One of the oldest mining districts in the United States, and one from which lead and zinc ores were mined in substantial quantity during the last five years or so is situated in the upper area of drainage of the Mississippi River. The district lies in the geologic province that has been known for several decades as the "Driftless Area," and is characterized by gently-rolling topography, which extends from the nearly-level uplands to the well-dissected areas bordering the major rivers. The Mississippi on the west, the Wisconsin River on the north, and the Rock River on the east virtually bound the district. The area of major mining activity includes roughly some 2500 square miles, most of which lies in Wisconsin. The land is fairly well wooded, particularly where greatly dissected, while the uplands and bottomlands contain acreage valuable for farming. The district is characterized by dairy farms and industries based upon dairy products. The area involved has a temperate climate with moderate precipitation. Its secondary roads are well kept, the road metal being both from tailings piles of mining operations as well as from quarries.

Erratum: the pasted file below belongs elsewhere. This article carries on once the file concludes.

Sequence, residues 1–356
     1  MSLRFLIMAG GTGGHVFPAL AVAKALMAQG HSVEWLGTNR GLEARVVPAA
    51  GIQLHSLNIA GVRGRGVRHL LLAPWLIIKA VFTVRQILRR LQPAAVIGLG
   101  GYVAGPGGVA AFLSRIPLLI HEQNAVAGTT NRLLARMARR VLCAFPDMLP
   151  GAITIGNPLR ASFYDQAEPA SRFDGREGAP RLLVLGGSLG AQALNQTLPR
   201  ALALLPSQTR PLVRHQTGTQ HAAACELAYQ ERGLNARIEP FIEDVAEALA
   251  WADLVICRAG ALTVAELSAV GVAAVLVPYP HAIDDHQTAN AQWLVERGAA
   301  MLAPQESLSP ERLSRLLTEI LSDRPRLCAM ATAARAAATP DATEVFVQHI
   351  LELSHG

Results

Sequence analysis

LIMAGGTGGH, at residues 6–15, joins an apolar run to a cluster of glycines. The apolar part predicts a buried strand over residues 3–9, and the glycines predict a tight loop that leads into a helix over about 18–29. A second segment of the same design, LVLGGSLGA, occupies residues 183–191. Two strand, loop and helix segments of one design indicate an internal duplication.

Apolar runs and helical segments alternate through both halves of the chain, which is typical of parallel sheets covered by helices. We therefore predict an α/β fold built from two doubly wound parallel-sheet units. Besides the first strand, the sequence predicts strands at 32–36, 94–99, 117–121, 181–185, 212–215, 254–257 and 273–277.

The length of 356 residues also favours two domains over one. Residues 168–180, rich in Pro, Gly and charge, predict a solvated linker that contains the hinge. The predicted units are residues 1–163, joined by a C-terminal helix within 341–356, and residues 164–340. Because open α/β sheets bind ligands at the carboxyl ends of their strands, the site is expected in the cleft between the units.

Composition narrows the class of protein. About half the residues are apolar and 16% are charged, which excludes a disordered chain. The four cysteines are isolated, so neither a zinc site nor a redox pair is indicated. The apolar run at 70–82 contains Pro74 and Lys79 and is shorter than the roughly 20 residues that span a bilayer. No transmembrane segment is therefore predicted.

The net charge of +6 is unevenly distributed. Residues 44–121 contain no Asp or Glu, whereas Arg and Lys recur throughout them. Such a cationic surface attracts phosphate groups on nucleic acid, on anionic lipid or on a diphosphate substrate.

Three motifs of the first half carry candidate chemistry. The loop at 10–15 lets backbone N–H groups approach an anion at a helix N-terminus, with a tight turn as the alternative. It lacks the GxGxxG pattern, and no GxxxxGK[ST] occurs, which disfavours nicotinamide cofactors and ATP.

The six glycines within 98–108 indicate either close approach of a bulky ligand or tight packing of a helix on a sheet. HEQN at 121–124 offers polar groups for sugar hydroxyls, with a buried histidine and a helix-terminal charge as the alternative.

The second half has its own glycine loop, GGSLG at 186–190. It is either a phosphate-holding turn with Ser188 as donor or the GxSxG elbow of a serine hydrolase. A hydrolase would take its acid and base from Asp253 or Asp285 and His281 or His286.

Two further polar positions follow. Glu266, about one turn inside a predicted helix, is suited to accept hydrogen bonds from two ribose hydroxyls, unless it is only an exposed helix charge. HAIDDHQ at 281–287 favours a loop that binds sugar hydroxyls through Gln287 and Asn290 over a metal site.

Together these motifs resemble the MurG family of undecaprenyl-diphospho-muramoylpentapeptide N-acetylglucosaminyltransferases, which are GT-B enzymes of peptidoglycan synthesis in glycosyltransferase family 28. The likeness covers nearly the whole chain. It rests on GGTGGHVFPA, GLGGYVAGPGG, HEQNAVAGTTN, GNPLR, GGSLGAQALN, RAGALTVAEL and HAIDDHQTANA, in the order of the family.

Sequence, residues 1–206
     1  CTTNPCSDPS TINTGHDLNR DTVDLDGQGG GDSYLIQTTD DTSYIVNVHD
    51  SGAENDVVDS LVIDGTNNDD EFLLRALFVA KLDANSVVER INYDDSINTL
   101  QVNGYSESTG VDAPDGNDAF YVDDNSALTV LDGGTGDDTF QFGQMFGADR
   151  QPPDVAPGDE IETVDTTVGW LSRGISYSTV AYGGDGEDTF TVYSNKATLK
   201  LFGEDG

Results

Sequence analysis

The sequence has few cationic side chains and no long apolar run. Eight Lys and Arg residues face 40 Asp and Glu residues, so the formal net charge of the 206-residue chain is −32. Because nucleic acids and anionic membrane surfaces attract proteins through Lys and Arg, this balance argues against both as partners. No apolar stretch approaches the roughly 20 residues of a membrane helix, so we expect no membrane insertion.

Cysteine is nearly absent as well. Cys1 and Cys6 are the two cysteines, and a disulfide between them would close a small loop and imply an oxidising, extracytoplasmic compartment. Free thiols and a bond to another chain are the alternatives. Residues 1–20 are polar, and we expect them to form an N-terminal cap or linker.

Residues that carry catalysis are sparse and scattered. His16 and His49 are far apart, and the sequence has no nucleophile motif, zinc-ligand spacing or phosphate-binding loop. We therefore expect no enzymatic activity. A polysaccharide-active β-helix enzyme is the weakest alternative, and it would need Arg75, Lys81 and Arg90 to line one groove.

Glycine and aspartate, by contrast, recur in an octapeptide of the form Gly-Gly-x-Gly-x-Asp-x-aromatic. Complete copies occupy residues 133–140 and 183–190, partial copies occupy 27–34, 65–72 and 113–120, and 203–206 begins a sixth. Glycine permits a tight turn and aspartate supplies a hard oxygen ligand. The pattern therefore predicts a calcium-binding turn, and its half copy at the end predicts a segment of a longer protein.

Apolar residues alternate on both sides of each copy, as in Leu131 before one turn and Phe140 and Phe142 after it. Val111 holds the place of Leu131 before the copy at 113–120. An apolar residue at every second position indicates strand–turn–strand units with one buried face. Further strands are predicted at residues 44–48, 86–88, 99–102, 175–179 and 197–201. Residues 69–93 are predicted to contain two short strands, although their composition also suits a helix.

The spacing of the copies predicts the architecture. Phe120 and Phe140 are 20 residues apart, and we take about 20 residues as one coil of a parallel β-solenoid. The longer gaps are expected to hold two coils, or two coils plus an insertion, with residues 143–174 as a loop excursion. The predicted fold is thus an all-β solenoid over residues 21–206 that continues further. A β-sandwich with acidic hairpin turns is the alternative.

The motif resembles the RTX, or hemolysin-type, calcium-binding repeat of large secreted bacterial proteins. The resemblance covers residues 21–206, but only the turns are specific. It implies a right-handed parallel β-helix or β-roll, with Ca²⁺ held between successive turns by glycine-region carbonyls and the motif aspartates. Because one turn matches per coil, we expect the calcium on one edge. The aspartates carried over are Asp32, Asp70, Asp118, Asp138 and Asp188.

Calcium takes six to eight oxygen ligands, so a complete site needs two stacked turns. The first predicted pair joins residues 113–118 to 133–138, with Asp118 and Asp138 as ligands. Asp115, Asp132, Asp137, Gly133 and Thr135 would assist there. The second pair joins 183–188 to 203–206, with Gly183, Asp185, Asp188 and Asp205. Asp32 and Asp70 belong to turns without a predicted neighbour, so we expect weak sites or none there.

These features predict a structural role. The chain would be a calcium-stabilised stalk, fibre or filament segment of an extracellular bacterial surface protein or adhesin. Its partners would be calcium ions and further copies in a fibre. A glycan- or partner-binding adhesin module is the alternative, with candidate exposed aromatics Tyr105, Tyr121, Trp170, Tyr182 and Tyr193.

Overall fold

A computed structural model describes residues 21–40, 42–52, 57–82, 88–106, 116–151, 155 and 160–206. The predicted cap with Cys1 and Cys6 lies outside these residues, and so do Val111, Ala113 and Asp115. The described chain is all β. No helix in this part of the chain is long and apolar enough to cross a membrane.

Proceedings of the Iowa Academy of Science
©1946 Iowa Academy of Science, Inc.
Agnew, Allen F. and Heyl, Allen V. Jr.
"Recent Developments in The Wisconsin-Illinois-Iowa Lead-Zinc District,"
Proceedings of the Iowa Academy of Science, 53(1), 225-231.
Available at: https://scholarworks.uni.edu/pias/vol53/iss1/27